(Photo: Traditional sweet cake from the Portuguese festival of São Gonçalo. Credit: The Richards.)
Yesterday, my Mennonite colleague, the Plankmaker, told me about an old college roommate who used to rather proudly display in his dorm room daily sculptures made out of a homemade collection of multicolored construction-paper phalluses. After I recovered from the fleeting shock of learning that the roommate in question was heterosexual, I was immediately reminded of the festival of São Gonçalo.
Every June in the northern Portugal town of Amarante, in hopes of getting married, the unhitched locals celebrate the life of their patron saint, São Gonçalo, by giving each other phallus-shaped sweet cakes (doces fálicos). It’s all very, well, tongue in cheek. Cake stands pop up on the street. Jovial anchors wave their fálicos around on the evening news. Last year’s bragging rights went to Tâmega, which opened its summer food festival by baking a sweet phallus that was 10-meters long.
Oh, to be a European and actually have a healthy outlook on sex. Somehow, I can’t imagine any American municipality proudly baking a 30-foot schlong. (Well, not outside of Northern California and the Pacific Northwest, anyway). We like to keep our private parts just so: under wraps. But no matter how hard we Americans pretend in public to have nothing more than non-anatomical G.I. Joe and Barbie bumps beneath our clothing, like it or not, we remain sexual beings.
After Plankie’s story, I couldn’t stop thinking about his free-spirited (though rather latent) friend. I spent the rest of the workday listening closely to the conversations of the otherwise self-suppressed Midwesterners with whom I share my office. I figured if I paid close enough attention, I would hear some hints of a deeper nature. As a result, I had a glorious remainder of the day. It’s amazing what people will let slip out of their mouths without any awareness of what they’re truly saying.
Especially when it’s taken out of context. Take, for example, this reconstructed conversation from one lunch meeting, alone:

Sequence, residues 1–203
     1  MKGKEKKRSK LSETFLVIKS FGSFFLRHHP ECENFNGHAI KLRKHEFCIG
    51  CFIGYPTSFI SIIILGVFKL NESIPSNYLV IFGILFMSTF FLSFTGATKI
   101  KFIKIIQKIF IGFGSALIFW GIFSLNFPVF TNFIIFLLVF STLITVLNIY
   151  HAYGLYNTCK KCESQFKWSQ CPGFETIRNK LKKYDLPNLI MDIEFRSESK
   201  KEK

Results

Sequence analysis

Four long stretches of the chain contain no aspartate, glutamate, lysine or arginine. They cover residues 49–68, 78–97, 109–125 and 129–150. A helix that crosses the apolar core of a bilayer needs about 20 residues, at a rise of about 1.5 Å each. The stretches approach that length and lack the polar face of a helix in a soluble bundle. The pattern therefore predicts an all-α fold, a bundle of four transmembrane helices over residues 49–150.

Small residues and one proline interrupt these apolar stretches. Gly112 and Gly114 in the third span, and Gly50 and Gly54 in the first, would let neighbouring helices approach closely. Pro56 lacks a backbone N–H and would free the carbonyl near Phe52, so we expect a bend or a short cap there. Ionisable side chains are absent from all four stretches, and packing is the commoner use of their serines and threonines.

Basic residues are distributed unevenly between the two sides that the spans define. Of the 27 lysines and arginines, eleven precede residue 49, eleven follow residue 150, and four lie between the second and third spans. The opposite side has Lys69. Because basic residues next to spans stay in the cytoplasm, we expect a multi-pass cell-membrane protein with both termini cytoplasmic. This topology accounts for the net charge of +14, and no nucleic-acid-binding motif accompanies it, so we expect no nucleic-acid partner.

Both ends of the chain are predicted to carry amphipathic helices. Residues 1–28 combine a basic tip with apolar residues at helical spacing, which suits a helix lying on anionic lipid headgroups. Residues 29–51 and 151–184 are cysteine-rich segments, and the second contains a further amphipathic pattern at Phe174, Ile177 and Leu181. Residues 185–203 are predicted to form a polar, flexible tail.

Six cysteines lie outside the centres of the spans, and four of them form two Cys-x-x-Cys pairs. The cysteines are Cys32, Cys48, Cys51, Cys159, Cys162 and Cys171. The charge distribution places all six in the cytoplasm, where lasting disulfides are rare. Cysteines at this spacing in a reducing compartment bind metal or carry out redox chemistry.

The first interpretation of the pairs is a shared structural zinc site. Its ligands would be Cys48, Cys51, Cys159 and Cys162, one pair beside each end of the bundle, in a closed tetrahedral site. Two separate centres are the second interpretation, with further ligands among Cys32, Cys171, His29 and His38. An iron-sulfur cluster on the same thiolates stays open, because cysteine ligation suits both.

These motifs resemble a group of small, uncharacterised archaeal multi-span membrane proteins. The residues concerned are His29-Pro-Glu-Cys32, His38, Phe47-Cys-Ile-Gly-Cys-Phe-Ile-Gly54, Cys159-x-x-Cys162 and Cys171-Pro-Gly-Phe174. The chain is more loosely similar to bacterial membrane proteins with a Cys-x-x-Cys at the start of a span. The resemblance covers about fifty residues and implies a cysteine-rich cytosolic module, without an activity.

“There’s a big item today.”
“It’s going to be hard once it’s raised.”
“Judith has been trying to get ahold of Joan.”
“She’s still trying to sell her pancakes.”
“When are they gonna get down to what they really want? Two words: mud wrestling.”
“Isn’t that an aberration?”
“Look, there’s only one thing you can do when you slide around in an office chair like this. These are porno chairs.”
“In that case, they’ll be perfectly happy in that position.”
“Is this going to be awkward?”
“Yes, especially for staff.”
“She’s making a face now.”
“I think it’s gonna be a fun one today!”
“Look! There’s the rub!”
“I can’t see. Sometimes I’m too old and slow.”
“Well, they’re making a good faith effort to balance each other.”
“Yeah, but they’re getting very close to the tipping point.”
“They can come whenever they want.”
“Someone could pull out, you know.”
“No, don’t throw anybody off yet!”
“Yeah, let’s finish. I want to see this finish!”
“Ooh, look! A bum rush!”
“Wow. Someone needs a cigarette.”
Hmm. I guess in downtown Chicago, still waters really do run deep. Or, in the sage words of the Plankmaker:
“I had a lot of caffeine this morning. It loosens my tongue.”
Michael Thaddeus Doyle
I'm a NYC-native, Latino, Jew-by-choice, hardcore WDW fan in Chicago with an Irish last name. I believe in social justice, big cities, and public transit. I do nonprofit development. I've written this blog since 2005. Believe in the world you want to live in.